• Imburnal, by Sherad Anthony Sanchez. This 215-minute view of adolescents growing up in a sewer premiered at the Cinemanila International Film Festival last autumn, winning the festival's Lino Brocka Award. It swept the awards at this year's Jeonju International Film Festival in South Korea, taking the Grand Prize, the Woosuk Award and the NETPAC Award. It's in the Southeast Asian Competition.
  • Independencia by Raya Martin, also in Southeast Asian Competition. This story of a family living in the jungles during the American occupation of the Philippines, premiered in the Un Certain Regard program at Cannes.
  • Manila, two short films by young directors Alix and Martin, who pay tribute to their forebears, directors Lino Brocka and Ishmael Burnal. It premiered in a special screening at Cannes this year. It's in the Southeast Asian Panorama.
  • Butterflies Have No Memories, the long-haired Filipino indie godfather Lav Diaz has a short film, as part of Visitors, this year's Jeonju Digital Project by the Jeonju International Film Festival. Last month in Bangkok, Diaz had a retrospective, and he was here to show a rough cut one of his in-progress works.

As an aside about Independencia, it was among the films pitched at the 2nd Produire au Sud Bangkok script workshop at the 4th World Film Festival of Bangkok. The 7th World Film Festival of Bangkok, to be held from November 6 to 15, will likely boast strong Filipino films too.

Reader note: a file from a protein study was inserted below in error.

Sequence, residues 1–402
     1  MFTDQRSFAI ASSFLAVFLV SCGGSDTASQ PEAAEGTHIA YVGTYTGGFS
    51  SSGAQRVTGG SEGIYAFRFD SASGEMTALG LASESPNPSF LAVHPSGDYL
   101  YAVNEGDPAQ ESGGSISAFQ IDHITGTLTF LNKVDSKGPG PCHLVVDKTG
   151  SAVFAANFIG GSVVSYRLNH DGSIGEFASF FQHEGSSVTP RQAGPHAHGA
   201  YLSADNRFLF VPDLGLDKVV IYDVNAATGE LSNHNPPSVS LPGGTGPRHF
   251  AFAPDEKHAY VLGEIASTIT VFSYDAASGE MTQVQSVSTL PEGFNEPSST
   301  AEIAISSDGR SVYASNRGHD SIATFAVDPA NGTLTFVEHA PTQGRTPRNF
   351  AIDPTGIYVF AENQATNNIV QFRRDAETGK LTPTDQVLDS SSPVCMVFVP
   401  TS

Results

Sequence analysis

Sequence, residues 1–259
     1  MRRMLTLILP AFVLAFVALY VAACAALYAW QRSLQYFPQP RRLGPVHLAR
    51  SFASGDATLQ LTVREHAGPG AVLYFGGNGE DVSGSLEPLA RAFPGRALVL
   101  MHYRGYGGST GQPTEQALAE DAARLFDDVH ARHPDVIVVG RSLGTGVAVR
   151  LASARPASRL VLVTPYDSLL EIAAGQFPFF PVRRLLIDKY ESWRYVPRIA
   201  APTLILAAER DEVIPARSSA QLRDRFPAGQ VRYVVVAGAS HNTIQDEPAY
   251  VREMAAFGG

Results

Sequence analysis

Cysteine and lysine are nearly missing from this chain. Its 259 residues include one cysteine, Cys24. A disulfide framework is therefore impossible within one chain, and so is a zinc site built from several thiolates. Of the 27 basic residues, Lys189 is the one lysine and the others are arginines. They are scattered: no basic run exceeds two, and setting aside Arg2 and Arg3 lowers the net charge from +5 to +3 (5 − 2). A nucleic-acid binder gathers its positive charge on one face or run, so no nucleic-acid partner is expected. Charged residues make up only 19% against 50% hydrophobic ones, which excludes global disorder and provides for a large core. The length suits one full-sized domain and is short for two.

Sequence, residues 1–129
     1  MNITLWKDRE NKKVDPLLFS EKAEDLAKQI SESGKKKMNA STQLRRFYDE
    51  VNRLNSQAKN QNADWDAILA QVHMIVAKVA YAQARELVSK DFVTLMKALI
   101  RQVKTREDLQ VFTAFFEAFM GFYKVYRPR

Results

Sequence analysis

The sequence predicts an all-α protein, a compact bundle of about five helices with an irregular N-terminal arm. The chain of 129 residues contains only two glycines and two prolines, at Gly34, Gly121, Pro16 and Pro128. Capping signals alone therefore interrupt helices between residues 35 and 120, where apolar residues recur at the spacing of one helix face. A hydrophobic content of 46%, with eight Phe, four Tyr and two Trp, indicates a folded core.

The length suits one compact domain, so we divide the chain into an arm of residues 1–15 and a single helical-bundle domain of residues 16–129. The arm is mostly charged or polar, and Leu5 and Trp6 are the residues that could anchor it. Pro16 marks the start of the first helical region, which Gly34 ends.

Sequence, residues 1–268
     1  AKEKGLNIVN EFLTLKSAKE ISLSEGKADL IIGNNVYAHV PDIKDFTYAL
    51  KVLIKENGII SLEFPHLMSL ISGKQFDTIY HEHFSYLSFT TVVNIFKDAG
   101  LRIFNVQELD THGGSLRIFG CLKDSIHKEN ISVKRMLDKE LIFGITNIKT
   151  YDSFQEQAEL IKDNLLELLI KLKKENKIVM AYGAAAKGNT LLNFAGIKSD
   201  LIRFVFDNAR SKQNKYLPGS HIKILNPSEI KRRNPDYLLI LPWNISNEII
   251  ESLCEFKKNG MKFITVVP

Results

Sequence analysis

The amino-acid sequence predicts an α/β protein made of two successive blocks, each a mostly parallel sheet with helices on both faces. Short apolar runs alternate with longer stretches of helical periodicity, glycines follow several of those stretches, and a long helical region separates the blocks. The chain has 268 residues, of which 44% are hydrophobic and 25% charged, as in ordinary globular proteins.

Also, the Philippines has another film-financing scheme and festival, the Cinema One Originals, which also commissions low-budget digital works for screening at its festival and broadcast on TV.

Clearly, from looking at what's happening in the Philippines, it's time that Thailand's film and culture establishments woke up and got started on a long-term plan to tap the latent film talent in the Kingdom. The annual Thai Short Film and Video Festival is proof of the huge pool of indie talent in the country. It’s about time this talent is tapped, discovered, supported and promoted.